The hovering transporter automatically course-corrects and rushes past Lukas, only barely missing him. Its passenger sounds the horn, having realised what happened but far away already, and the sound echoes between buildings while he continues, out of breath, to the next intersection where he darts across yet another street. The hood of his raincoat is pulled so tightly around his face that he nearly has tunnel vision and combined with his protective rain mask and the rain itself, it is hard to gauge the distance and speed of the oncoming traffic.
The grey sky above is riddled with explosions as government fighter planes shoot rockets loaded with silver iodine into the approaching cloud belt. The particles cause the water molecules to freeze and drop as the clouds disperse their payload of acid rain above the suburbs of London before they can reach the government district in the heart of the vast city.
The rockets shout out their snap-crackle reports overhead as Lukas dashes across a square that’s now empty. In the middle of it he passes a featureless slab of marble which many years ago perhaps had been a statue of some prominent man, but which had since withered away in the polluted downpours. Everywhere people had taken refuge, indoors and in the tunnels, to avoid having their frail bodies suffer the same fate. Only a select few braved the weather and although there weren’t many rich people in this part of the city, he ran past a few officials walking hurriedly along the sidewalks under the reinforced umbrellas their porters held up for them.
Lukas makes his way across another few streets and through an old covered archway between two decommissioned buildings. Rain drips down from holes it has eaten through the roof above and a few droplets land on the glass-covered eye slit of his mask as he makes the mistake of lifting his gaze. Whilst wiping them off he almost stumbles but recovers without losing his stride and continues down the path his enhanced optics illuminate ahead, only visible to him. The cornea implants show him the shortest route to Ella’s last known whereabouts where she, just before the rain started, unexpectedly had gone offline.
He gets closer to his mark but also further into the suburb’s commercial district where traffic is heavier. Drones whizz as they pass between him and the fighters overhead and his field of vision is filled with lights from shopfronts and marketing holograms along the way. An advertisement for a bionic arm, up to ten times stronger than a human one, flutters on the sidewalk ahead of him as it’s projected into thin air and disturbed by the rainfall. He sprints through the lights, blinded for a split second, and continues towards his goal.
Ridding his eyes of the hologram, Lukas can see how the light grows brighter as he nears the intersection in front of him. A brightness more grounded, warmer, than the one he just ran through rages there ahead. He can smell the disaster now and the noise grows louder as he approaches. Fires dance in the reflection of every window from this angle and suddenly, the wind draws him towards the epicentre. The fire devours oxygen from all around and encourages him with a surge of air to race towards what might be her shadow there among the flames.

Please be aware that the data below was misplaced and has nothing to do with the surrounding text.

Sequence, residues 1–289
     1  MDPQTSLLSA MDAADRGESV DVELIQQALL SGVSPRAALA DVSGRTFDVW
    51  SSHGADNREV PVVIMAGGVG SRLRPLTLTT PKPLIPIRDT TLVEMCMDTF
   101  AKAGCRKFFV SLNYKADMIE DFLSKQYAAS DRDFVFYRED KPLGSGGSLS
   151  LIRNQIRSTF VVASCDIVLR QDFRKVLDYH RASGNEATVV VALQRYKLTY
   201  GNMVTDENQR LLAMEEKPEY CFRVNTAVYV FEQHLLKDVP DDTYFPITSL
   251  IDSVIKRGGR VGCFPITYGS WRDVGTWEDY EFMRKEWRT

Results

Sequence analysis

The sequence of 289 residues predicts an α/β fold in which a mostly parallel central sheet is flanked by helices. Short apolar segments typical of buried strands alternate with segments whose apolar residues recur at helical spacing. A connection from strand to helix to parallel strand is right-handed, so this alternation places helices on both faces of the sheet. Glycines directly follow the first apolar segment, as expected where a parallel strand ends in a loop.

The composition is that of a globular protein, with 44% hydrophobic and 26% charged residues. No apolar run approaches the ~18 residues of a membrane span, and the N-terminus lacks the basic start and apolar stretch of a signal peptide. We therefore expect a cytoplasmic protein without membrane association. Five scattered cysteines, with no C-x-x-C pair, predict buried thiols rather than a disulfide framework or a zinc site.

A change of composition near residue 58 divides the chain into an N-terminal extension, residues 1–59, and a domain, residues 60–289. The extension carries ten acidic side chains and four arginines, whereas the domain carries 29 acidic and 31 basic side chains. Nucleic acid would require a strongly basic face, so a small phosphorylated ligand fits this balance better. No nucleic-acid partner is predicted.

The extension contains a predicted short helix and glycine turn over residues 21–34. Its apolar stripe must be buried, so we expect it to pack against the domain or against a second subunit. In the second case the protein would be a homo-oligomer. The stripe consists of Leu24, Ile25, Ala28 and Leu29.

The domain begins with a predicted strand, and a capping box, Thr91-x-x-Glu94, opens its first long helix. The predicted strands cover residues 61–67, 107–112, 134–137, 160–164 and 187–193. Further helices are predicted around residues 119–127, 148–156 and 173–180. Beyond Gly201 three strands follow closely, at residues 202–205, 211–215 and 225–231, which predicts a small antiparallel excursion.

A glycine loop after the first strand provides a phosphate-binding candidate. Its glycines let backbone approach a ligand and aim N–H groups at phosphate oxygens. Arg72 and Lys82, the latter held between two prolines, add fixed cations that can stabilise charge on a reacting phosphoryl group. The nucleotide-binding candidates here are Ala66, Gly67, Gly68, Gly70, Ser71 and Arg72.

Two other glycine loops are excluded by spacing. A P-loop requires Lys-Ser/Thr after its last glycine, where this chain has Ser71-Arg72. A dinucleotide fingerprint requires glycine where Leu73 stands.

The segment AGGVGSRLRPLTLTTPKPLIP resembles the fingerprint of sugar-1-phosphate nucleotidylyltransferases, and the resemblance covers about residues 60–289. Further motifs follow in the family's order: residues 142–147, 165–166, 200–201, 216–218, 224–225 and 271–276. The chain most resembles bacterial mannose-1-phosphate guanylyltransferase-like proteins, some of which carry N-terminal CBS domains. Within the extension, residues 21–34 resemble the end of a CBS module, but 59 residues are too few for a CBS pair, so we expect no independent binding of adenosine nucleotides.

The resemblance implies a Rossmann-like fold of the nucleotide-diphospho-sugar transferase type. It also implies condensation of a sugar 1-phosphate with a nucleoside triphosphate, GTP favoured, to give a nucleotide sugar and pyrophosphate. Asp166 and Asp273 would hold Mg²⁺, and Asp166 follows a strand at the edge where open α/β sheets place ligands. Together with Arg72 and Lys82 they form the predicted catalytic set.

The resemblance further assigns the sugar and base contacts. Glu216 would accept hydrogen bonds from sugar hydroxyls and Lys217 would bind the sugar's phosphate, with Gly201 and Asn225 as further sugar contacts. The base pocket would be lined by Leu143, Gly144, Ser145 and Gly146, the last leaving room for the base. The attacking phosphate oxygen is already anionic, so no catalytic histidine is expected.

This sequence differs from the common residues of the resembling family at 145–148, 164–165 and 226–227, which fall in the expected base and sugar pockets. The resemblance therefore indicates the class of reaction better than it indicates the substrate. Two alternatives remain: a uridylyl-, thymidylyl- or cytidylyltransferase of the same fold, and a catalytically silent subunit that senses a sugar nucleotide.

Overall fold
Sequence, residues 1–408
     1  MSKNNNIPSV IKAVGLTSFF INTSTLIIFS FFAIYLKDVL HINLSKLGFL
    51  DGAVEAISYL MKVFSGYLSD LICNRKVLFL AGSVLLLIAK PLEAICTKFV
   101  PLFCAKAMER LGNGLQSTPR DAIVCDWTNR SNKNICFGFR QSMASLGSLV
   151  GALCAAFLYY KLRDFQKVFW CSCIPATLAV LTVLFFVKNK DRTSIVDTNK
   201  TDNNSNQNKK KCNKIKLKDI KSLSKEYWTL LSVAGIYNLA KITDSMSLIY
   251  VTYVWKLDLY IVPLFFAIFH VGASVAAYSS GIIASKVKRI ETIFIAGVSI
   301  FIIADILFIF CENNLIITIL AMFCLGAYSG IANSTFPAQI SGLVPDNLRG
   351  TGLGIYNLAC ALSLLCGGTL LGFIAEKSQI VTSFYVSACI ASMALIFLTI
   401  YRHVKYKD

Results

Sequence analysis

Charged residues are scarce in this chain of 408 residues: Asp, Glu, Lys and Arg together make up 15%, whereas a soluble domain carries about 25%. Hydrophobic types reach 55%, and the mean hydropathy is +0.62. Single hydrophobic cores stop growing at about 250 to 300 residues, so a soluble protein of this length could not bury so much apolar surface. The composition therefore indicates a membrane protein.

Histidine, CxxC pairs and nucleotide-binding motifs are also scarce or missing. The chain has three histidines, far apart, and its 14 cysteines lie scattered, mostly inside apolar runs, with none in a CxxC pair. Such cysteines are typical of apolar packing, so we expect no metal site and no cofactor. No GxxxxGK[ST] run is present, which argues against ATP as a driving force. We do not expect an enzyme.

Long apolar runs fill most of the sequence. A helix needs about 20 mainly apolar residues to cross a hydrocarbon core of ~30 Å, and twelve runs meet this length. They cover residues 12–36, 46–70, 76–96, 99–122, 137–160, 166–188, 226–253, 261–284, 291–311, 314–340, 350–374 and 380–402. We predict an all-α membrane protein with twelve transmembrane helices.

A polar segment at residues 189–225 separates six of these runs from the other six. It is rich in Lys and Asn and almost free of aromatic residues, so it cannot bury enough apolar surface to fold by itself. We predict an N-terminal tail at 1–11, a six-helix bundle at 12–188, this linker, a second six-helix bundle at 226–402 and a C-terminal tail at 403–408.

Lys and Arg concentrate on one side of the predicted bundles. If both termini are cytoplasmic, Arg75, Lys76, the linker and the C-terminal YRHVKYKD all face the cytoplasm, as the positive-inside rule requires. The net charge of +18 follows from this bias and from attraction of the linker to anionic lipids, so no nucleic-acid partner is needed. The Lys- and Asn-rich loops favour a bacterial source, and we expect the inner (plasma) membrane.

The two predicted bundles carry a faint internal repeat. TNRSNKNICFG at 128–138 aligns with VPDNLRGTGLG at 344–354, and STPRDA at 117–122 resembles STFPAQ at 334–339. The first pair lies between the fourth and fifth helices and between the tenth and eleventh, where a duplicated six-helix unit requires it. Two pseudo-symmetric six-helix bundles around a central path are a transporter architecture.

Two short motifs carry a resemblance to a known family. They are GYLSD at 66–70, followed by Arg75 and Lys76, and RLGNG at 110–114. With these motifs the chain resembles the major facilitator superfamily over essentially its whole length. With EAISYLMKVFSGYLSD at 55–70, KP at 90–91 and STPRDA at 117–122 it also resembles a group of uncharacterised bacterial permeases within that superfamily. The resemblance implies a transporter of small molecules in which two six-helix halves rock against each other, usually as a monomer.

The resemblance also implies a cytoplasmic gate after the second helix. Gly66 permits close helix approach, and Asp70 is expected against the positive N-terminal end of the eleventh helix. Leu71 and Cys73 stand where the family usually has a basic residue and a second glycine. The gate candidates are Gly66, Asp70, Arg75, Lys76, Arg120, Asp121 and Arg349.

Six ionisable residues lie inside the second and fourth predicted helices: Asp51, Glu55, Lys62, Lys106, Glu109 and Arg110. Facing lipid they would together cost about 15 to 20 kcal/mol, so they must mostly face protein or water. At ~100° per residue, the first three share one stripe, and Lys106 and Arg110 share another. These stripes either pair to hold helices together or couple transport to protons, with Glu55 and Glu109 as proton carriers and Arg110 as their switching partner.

Traffic has come to a stop here but few of the handful of impeded travellers dare defy the rain. In a sprint he dances across transports that have turned dark inside, no longer hovering above ground, whilst the surviving passengers panic inside in their helplessness. On top of the vehicles, hooded and masked, he runs the course of immobile hovercrafts to the source of this electrical eclipse now lit by natural light.
She lays there and might have been crying but it’s impossible to tell in this weather. She is in pain and he leans over in protection against the punishing rain. She does not have a rain mask and is bleeding from her legs. The wrecked transport behind her is on fire and Lukas sees what is left of its two passengers, killed by the recent explosion. She moans in acknowledgement and exhales in incomplete relief, calming herself and closing her eyes to the drip. On the side of the transport opposite, abandoned with its doors ajar, he sees the hole made by the missile, having come in at an angle a few meters in front of Elle only to detonate in the vehicle behind her.
She sits up and assesses herself in his flickering shadow. Trying to move her legs she whines in pain and throws her eyes around her. Ella centres on herself at last and for a brief moment she is gone completely in the study of her feet and legs. The fire roars but the noise of the city in the horizon, its lights and high rises never out of sight, approaches them in a soar. The creaking metal of the engulfed vehicles hisses when drops that land on it are vaporized and the streets around them now abruptly grow more animated. Suddenly, they hear a door opening, then another one. From corners and crevices, the intimately scrutinising eyes of the citizens of London observe the carnage that surrounds them before they fall upon the two figures in the eye of the firestorm. Lukas stands above her in a protective yet helpless posture, poised, as their eyes lock and at that moment they both know that they must go.